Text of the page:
Keep calm and get your candy on!

halloween candy

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Boxer and Feinstein: Redskins racist! What about Negro Bar State Park?

Boxer (l) and Feinstein (r)

Boxer (l) and Feinstein (r)

In May, California senators Barbara Boxer and Dianne Feinstein were part of a group of senators calling for “the National Football League to change the team name of the Washington Redskins, declaring that “racism and bigotry have no place in professional sports.”

Imagine my surprise when I happened upon this article in the Sacramento Bee:

“Bumpy Negro Bar bike trail to get fix”

negro park

“Portions of the bike trail through Negro Bar will be undergoing some much-needed smoothing thanks to a non-profit group and California State Parks.

Walkers, bike riders and joggers will appreciate the trail fix along the north shore of Lake Natoma when the work on the trail is completed. Much of the area suffers from bumps from tree roots, potholes, poor drainage and sand build-up.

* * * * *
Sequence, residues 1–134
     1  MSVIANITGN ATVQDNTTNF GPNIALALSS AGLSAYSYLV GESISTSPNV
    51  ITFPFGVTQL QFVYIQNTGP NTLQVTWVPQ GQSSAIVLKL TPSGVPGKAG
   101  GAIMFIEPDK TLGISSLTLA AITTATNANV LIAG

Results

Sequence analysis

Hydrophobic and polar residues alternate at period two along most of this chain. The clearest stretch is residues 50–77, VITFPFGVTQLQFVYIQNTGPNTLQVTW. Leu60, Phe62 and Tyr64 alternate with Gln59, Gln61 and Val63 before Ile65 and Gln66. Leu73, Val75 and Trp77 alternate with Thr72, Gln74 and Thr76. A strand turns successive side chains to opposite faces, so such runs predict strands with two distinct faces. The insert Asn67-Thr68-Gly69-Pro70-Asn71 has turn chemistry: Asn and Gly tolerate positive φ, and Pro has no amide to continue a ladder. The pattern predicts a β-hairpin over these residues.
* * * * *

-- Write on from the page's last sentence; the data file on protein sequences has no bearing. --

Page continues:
Friends of Lakes Folsom and Natoma (FOLFAN) and state parks will repair about 1,300 linear feet of trail in three areas. Work will be done on both trail pavement and shoulders.” Read the rest here.

There is no history on the state park Negro Bar web page. There is no entry on Wikipedia for Negro Bar State Park. From Wikimapia:

Negro Bar was a mining camp, but it was not the lively mining town so often portrayed in motion pictures. Like many other mining camps in 1848, Negro Bar was little more than a cluster of tents and shacks thrown up to shelter men working along the river.

The community of Negro Bar was called “under the hill” after Folsom replaced the old mining camp along the river. Today it is under the water of Lake Natoma. Only the name remains on the opposite side of the river from where African American miners first started mining gold in 1849-1850. Negro Bar State Park is a reminder that a mining camp once bore a similar name.

James Meredith built a store and later a hotel at Negro Bar. A store could have been anything from a tent with a plank laid across two barrels to a rough lean-to with a few shelves. Hotels were usually large dormitories with bunks stacked in tiers against the walls. Almost anything that could serve as shelter for a large number of men was designated as a hotel.”

From the California Department of Education: